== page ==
Are these four the victims of alphabetical discrimination?
One of the extraordinary features of Labour’s shadow cabinet election is that all the nineteen winners had surnames starting with letters in the first half of the alphabet.
So highly competent MPs such as Stephen Timms, Sean Woodward, Emily Thornberry and Stephen Twigg did not manger to garner enough votes to make it across the line.
It’s a well-known electoral phenomenon, particularly when you have a long list of candidates, that those who are in the top part of the ballot paper do better than those towards the bottom. This is seen time and time again in multi-member council wards where there might be a dozen or more candidates. Generally within each party slate those towards the top of the ballot paper do better.
It’s all down to human nature and laziness. Basically when faced with a long list and a lot of choices some voters can’t be arsed going down the full list.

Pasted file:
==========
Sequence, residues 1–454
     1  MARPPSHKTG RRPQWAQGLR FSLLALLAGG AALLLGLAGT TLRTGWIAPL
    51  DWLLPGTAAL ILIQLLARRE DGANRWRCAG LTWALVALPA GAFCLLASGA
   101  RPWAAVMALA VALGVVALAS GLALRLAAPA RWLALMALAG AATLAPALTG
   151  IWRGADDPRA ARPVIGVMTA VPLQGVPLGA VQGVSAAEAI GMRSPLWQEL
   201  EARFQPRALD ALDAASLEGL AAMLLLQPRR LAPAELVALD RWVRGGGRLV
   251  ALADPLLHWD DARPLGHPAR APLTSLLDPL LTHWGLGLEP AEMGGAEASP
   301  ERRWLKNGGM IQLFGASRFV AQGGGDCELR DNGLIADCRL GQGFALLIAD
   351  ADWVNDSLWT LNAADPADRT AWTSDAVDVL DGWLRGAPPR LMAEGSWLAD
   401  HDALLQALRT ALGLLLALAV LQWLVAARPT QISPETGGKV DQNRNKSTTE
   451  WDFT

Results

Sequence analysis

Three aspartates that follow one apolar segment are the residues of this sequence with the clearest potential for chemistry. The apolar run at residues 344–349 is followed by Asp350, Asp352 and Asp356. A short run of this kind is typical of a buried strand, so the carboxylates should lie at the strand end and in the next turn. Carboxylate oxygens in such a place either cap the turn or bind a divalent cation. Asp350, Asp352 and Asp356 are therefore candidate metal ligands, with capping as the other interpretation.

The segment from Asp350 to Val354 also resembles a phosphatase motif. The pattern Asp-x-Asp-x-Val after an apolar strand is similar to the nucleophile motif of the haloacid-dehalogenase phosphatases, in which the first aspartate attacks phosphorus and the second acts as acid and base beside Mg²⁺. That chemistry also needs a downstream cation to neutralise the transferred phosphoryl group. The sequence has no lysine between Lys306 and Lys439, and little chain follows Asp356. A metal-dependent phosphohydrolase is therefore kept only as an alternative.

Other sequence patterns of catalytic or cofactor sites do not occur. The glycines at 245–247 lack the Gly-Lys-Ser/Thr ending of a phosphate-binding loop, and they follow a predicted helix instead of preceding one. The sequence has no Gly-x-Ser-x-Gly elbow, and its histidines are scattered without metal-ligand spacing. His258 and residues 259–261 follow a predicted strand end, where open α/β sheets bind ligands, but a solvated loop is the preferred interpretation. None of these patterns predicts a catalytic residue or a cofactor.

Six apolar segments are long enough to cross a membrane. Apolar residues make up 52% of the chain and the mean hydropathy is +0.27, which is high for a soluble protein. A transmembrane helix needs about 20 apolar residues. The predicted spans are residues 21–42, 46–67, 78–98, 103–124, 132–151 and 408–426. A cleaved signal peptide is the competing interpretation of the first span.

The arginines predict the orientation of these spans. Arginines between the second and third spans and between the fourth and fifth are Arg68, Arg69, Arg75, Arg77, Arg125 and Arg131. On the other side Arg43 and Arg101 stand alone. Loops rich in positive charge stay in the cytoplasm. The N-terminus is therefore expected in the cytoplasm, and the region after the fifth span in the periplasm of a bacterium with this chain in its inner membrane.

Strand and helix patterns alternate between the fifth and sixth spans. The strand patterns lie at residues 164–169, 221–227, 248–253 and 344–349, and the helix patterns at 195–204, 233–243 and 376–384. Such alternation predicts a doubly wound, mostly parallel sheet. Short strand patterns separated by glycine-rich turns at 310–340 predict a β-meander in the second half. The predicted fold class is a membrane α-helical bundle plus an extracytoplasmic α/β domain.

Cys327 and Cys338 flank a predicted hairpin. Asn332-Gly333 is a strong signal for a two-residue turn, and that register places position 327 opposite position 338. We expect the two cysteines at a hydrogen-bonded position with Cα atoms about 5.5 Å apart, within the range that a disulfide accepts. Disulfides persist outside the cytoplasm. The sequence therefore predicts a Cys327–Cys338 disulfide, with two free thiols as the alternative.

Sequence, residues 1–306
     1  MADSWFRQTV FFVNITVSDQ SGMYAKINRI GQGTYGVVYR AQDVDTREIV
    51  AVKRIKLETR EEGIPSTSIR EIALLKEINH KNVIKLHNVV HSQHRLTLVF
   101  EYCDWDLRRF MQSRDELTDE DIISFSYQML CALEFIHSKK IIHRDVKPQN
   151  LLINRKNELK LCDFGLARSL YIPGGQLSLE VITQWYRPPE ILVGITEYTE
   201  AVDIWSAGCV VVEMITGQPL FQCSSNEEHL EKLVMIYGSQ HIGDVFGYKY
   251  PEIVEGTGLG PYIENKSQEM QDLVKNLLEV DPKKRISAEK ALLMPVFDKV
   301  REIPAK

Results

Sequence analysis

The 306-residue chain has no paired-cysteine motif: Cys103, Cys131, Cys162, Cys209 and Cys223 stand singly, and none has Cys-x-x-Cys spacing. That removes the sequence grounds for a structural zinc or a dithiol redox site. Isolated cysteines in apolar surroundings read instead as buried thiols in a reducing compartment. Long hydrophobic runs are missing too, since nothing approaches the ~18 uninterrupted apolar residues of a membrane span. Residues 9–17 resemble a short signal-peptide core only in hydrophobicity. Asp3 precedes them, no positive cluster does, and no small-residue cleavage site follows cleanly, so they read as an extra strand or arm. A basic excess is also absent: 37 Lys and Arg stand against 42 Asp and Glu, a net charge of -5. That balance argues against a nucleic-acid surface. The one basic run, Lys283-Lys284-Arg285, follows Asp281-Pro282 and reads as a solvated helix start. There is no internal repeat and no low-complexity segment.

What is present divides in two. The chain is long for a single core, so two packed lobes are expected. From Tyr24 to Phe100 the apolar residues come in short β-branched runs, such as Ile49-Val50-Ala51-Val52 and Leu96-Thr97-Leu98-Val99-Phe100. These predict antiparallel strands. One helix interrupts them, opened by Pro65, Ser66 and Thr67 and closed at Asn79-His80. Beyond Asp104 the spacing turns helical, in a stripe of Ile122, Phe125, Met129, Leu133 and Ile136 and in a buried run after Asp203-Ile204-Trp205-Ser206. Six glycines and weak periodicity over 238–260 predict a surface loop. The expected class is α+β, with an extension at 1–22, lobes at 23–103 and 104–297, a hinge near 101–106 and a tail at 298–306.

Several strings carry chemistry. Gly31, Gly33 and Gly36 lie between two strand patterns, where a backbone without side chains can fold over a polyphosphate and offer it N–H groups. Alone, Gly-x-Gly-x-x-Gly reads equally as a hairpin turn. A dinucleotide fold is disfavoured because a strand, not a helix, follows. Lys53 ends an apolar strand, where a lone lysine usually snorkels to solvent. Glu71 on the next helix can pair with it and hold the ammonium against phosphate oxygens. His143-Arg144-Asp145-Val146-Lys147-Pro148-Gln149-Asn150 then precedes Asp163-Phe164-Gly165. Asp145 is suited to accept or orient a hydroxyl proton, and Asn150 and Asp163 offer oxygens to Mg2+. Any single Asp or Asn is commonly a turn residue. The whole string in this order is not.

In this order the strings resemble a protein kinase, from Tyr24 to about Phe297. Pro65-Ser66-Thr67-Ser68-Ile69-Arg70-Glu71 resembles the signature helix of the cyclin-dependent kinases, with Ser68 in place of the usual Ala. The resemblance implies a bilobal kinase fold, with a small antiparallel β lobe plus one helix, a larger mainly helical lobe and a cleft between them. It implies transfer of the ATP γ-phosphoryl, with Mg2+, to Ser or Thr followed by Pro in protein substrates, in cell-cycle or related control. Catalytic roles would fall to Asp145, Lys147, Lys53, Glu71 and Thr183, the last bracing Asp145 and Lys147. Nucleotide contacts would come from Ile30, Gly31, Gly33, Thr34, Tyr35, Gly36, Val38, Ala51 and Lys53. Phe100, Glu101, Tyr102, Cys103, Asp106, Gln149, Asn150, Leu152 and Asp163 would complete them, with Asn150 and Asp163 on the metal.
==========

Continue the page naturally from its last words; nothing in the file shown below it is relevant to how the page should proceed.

You would expect, however, Labour MPs to act differently and give the shadow cabinet ballot the attention it deserves even though they were faced with a list of 49 possibles of which they had to choose nineteen. Alas those towards the end of the ballot paper suffered and Ed Miliband’s “New Generation” does not embrace those with surnames beyond M.
I have little doubt that there would have been a different outcome if the candidates had been listed in reverse alphabetical order.